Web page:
Why Career Monogamy Might Not Be Such a Good Thing

Before you go, we thought you'd like these...
Before you go close icon

Having one source of income traditionally has been seen as the low-risk approach to managing your career. Work one job, keep your nose to the grindstone and you'll be fine. You won't have a lot, but you'll have enough. Like investing in T-bills, a long-term full-time job meant you were safe and secure.

However, we know that has changed. With more than eight million jobs lost since the recession began, and more than 15 million people out of work, we know that no job is safe and secure anymore. And investing in the debt of other countries is a lot riskier today than it ever has been.

Modern portfolio theory says that we should diversify our investments to reduce risk. Shouldn't we be doing the same with our careers? If you wouldn't put all of your savings into one stock or mutual fund, why would you put all of your energy into one career?

Author Paula Caligiuri says you shouldn't. In her book 'Get a Life, Not a Job: Do What You Love and Let Your Talents Work for You,' she argues that a diversified portfolio of career pursuits makes more sense than relying on one employer for all of your income.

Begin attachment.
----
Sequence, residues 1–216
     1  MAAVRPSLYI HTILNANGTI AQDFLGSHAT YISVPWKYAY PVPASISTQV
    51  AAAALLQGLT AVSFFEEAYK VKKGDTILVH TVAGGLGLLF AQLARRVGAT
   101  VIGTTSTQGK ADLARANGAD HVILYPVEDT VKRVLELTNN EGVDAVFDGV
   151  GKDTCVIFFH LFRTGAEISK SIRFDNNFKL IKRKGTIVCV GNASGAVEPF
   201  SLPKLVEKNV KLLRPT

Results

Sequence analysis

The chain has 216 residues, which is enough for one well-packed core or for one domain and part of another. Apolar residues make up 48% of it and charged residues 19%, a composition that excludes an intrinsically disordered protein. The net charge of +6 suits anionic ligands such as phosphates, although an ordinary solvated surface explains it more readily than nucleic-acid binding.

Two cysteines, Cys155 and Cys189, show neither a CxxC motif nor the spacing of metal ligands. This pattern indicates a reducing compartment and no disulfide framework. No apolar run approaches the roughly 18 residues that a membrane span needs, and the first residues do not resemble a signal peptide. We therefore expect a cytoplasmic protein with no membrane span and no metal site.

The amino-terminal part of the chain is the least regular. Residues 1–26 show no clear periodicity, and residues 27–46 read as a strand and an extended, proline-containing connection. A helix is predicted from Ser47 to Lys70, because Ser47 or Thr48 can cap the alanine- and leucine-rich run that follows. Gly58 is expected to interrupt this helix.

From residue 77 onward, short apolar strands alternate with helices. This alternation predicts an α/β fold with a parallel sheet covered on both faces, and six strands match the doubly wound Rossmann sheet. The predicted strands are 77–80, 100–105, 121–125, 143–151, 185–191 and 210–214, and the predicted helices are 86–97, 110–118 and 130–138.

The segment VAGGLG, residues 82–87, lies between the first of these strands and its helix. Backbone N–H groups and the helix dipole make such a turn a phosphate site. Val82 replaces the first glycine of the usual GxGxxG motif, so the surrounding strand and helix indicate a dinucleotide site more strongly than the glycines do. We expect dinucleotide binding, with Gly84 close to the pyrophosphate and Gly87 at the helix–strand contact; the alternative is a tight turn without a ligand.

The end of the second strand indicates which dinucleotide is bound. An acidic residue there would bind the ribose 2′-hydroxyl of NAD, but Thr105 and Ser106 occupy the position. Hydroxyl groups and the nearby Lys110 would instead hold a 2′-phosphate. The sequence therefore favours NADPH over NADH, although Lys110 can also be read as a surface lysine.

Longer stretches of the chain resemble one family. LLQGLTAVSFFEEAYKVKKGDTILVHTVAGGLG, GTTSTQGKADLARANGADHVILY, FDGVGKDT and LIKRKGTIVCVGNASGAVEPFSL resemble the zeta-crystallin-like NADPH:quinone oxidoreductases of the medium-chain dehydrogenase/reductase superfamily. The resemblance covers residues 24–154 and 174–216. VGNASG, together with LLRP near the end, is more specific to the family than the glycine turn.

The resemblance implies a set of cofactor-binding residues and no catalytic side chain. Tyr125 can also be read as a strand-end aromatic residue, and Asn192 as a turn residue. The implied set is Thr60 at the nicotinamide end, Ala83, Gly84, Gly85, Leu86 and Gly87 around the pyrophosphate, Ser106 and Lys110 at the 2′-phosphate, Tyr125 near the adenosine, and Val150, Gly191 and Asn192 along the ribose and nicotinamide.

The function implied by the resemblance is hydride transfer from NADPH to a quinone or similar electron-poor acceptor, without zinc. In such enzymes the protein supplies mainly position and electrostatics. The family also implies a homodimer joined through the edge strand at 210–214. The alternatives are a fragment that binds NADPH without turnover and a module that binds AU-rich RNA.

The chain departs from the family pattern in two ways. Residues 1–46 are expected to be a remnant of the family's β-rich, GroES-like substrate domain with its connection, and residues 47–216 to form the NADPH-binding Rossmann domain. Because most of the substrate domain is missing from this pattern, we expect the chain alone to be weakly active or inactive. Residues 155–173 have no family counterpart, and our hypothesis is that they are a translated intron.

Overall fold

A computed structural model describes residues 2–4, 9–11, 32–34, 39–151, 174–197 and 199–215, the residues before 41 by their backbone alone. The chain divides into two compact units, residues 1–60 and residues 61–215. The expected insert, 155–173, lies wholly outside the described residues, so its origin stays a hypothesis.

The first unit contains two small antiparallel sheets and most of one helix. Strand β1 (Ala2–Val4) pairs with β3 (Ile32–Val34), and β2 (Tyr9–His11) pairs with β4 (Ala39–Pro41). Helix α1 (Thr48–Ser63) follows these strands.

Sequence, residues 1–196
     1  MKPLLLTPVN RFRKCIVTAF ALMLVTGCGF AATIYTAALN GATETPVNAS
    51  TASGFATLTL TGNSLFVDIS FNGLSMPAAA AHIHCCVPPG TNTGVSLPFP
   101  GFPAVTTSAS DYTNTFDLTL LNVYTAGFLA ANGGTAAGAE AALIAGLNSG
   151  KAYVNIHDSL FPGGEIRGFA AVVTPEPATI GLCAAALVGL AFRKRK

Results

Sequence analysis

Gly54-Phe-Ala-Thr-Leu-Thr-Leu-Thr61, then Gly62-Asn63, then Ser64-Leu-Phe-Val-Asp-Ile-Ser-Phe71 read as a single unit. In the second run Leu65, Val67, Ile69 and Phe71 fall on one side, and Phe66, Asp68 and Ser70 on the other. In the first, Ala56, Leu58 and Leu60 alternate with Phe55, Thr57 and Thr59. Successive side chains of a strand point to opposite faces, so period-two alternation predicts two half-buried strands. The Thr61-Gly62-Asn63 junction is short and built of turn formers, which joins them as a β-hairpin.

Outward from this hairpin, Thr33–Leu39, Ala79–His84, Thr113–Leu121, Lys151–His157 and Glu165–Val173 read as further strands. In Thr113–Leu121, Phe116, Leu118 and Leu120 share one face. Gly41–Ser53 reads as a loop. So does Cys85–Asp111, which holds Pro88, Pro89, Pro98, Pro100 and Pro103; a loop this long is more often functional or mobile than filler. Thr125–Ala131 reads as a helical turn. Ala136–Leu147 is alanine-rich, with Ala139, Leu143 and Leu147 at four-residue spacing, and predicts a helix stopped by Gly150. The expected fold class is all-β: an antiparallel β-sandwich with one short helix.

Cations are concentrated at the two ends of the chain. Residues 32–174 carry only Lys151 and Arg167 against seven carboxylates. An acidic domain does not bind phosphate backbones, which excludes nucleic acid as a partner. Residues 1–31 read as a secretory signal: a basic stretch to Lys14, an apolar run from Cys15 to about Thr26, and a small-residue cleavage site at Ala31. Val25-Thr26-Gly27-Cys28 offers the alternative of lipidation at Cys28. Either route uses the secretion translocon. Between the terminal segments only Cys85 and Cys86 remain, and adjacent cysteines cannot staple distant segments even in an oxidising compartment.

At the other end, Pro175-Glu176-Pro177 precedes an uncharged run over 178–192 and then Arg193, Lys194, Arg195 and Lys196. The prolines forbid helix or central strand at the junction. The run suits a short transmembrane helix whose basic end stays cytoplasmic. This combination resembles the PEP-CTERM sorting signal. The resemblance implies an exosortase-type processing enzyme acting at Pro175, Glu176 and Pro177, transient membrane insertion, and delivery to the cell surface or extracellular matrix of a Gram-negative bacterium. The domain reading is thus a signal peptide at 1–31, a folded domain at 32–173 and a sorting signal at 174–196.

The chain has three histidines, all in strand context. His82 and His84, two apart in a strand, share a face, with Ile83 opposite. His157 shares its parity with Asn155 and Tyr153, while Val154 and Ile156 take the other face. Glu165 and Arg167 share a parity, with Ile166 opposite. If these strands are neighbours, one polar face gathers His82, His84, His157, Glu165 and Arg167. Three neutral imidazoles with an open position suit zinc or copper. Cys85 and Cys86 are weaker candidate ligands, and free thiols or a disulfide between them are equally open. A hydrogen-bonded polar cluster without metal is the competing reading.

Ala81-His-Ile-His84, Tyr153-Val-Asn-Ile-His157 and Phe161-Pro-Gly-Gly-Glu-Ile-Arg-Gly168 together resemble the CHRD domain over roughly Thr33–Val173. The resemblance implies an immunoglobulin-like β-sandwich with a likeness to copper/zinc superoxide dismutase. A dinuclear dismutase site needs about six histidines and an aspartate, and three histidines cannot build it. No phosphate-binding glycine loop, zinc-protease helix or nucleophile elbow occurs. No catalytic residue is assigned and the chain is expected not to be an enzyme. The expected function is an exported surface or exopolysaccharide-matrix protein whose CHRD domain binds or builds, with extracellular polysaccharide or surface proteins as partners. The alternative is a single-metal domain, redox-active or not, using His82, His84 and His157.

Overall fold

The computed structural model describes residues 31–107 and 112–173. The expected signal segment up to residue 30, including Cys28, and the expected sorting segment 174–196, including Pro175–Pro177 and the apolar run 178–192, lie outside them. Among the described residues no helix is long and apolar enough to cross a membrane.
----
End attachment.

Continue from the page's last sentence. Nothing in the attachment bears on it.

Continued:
Caligiuri practice what she preaches. She's a work psychologist, professor at Rutgers University, a speaker and career coach. She suggests that people can gain more fulfillment, greater work-life balance and real financial freedom by pursuing "multiple career acts" instead of the traditional single career.

Her book outlines four approaches for adding career acts:


1. Leverage expertise or talents.

Do you have a skill or ability that others would pay for? Can you design simple websites? Have you successfully navigated the financial-aid maze for your own children and can help other parents through the process?


2. Expand a hobby, interest or passion.

What do you do for free that could generate income? A love of cooking could turn into catering gigs, for example (be sure to get the appropriate licenses, of course).


3. Pursue an occupation.

Can the services you provide to your employer be provided to others as well? A physical therapist in a hospital might offer these services to individuals, or to sports teams.


4. Generate sources of passive income.

There's no such thing as a free lunch, but there may be products or services you provide that don't require your active involvement day-to-day. Caligiuri gives an example of rental properties.

Not all of these will work for everybody, but 'Get a Life, Not a Job' is filled with exercises and assessments to help you become more aware of your talents and your options. Don't wait to start diversifying your career until it's too late.

Next:My JOBituary: May That Stinkin' Job Rest in Peace


Share
Read Full Story

From Our Partners